On February 12, the interactive meeting ″Ukrainian Anti-Сorruption Eco-System: What Is It for? ″ took place in Kyiv with representatives of anti-corruption agencies and the public.

TI Ukraine and Public Control Council under the NABU gathered the staff of the National Anti-Corruption Bureau (NABU), prosecutors of the Specialized Anti-Corruption Prosecutor’s Office and representatives of the Asset Recovery and Management Agency (ARMA) on one platform.

″There is room for further improvement: we still need to reboot the NACP, to change judiciary formation and strengthen the authority of the NABU. But it is evident that the anti-corruption eco-system progresses efficiently despite facing enormous pressure. We hope that anti-corruption agencies will cooperate in a professional, coordinated manner, and thus efficiently. As the result, Ukraine will make a leap in the next year’s Corruption Perceptions Index, showing adequate results,” said legal advisor of TI Ukraine Kateryna Ryzhenko.

Participants had the opportunity to communicate personally with detectives, prosecutors and anti-corruption public servants, to find out about the investigation of high-profile criminal cases and management of assets obtained from corruption.

Deputy Head of the NABU Detectives Unit Oleksandr Skomarov placed emphasis on the fact that the main office and support offices implementing the Bureau’s mission had already been established, so ″the NABU is gaining momentum and can now be fully operational.”

Deputy Head of the SAPO Volodymyr Kryvenko assured that in the coming years, efficiency of ″the anti-corruption triad″ would increase and ″catching up with Poland″ wouldn’t take decades.

Head of the International Management Department of the ARMA Liudmyla Suhak added that the ARMA had been operational for about a year and a half, and after that time, the organization could already share its successful cases, in particular, cooperation with business managers, which was something not even similar foreign agencies could achieve.

The society was the focal point of the conversation. Representatives of the PCC under the NABU and TI Ukraine spoke about civic control over public authorities, their powers and advocacy campaigns, in particular the one about the launch of the High Anti-Corruption Court.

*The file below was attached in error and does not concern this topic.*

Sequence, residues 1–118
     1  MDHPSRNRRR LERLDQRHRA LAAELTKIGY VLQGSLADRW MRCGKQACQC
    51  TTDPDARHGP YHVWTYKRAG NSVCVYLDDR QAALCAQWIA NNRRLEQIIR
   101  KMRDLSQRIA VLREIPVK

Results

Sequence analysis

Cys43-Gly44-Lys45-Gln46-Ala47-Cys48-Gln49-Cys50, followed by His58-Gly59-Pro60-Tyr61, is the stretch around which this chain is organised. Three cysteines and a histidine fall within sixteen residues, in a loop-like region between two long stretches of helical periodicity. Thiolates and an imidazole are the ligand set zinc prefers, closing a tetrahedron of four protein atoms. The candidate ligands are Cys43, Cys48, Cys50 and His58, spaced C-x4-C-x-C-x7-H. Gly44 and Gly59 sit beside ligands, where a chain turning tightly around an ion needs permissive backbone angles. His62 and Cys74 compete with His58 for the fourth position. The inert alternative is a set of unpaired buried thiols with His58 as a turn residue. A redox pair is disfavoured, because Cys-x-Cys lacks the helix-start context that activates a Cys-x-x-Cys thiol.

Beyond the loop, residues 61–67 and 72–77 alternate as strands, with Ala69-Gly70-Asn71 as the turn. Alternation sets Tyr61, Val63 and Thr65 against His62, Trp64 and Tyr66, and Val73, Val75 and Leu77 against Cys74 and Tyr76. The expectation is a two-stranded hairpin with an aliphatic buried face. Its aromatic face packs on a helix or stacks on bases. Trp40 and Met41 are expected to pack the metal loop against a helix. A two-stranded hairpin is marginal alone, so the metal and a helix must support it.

As a reminder, the global anti-corruption organization Transparency International has published Corruption Perception Index 2018. Ukraine has somewhat improved its score. It received 32 points, ranking 120th among 180 countries. This result is 2 points and 10 places higher than in 2017 (when Ukraine ranked 130th with 30 points).

According to Executive Director of Transparency International Ukraine Andrii Borovyk, this result ″is not consistent with fast European integration, reforms, and elimination of corruption from all aspects of life. If the situation with corruption in Ukraine keeps changing at the same rate, it will take us decades to catch up with, say, Poland.″

You can find more pictures on our Facebook page.

The event has been organized with the financial support of the European Union. Its content is the sole responsibility of Transparency International Ukraine and does not necessarily reflect the views of the European Union.

Transparency International Ukraine works with the National Agency within the project Enhancing the Role of Civil Society in Public Finance Oversight, financed by the European Union. The project aims at empowering civil society and journalists with effective anti-corruption, asset recovery and anti-money laundering tools to perform the public finance oversight, support the launch of Asset Recovery and Management Agency (ARMA) and to update the list of Politically Exposed Persons. Find out more at https://goo.gl/Jgr9ic

We hope that anti-corruption agencies will cooperate in a professional, coordinated manner, and thus efficiently. As the result, Ukraine will make a leap in the next year’s Corruption Perceptions Index, showing adequate results.

Kateryna Ryzhenko, legal advisor, Transparency International Ukraine